variably sized Svecofennian xenoliths, mostly migmatites, rather mafic gneisses and older granite (Hangö-Ingå granite). Some of the fragments are unchanged, but most are in different stages of assimilation into the surrounding granite/granodiorite. Sederholm studied the various assimilation phenomena in the area and dedicated an entire chapter to Obbnäsudden. He wrote: “The rock of the fragments in part retains its former composition, in part it is more or less strongly changed, passing by gradations into massive rocks of dioritic composition”, “In the neighbourhood of a rather basic migmatite, the granite passes by gradations into a dioritic rock which still shows the great porphyritic crystals characteristic of the Obbnäs granite” and “…the existence of a great number of fragments…more or less changed by the influence of the granite, and on the other hand a basic facies of the granitic magma, makes it probable that there is a genetical connection between them” (Sederholm, 1926, p. 103-104).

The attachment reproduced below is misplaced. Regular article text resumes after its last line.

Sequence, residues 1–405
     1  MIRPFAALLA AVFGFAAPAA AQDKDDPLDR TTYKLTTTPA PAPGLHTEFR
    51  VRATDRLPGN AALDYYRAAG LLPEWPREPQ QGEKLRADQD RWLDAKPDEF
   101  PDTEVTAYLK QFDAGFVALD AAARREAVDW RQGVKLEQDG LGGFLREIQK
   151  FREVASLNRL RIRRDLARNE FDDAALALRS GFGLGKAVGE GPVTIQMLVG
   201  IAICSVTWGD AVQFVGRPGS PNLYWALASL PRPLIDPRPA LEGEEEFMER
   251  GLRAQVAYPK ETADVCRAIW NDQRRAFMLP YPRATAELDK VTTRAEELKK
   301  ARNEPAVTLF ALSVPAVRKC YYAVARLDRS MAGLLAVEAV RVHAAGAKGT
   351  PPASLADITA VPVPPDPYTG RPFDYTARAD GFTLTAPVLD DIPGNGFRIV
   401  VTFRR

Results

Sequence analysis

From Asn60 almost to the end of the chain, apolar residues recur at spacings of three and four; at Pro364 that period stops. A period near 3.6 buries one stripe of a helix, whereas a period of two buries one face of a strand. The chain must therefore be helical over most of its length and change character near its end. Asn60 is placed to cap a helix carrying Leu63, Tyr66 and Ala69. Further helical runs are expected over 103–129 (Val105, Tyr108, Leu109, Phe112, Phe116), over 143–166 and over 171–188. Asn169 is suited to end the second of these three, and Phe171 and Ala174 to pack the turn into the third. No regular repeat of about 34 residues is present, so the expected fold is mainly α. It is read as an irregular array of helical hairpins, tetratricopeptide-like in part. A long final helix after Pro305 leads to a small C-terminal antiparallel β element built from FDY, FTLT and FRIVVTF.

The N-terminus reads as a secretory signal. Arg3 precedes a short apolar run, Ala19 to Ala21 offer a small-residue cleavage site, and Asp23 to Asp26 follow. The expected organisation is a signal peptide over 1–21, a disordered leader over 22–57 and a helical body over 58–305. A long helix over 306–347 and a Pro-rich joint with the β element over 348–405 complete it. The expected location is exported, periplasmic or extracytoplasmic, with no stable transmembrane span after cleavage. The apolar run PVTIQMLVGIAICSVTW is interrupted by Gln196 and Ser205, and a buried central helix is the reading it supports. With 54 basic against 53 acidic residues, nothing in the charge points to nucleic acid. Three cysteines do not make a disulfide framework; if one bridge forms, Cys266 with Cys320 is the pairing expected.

The most intensively assimilated gneiss fragments are commonly surrounded by zones rich in dark minerals and it seems the “sparsely-porphyritic” type of granodiorite is in many places associated with them, suggesting that assimilation has played a role in its formation. It seems that the two processes, magma mingling and mixing and assimilation, have operated together in Obbnäsudden to create the various types of rocks observed in the area, and that further, more detailed work would be required to shed light on their relative roles in the whole process..."

33 IGC excursion "The Nordic Countries" No 16, August 16 – 21, 2008: 100 years of migmatite - In Sederholms footsteps. Als PDF-Datei:
Kosunen P. 2004: Petrogenesis of mid-Proterozoic A-type granites: Case studies from Fennoscandia (Finland) and Laurentia. University of Helsinki (dissertation)
Sederholm J. J. 1926: On Migmatites and Associated Pre-Cambrian Rocks of Southwestern Finland.
II. The Region around Barösundsfjärd W of Helsingfors and Neighboughring Areas. Bull. Comm. géol. Finl. 77. 1926.

  zur Übersicht Rapakivi des Wiborg-Batholiths
zur Übersichtskarte Wiborg-Batholith
zur Übersicht finnische Rapakivi-Plutone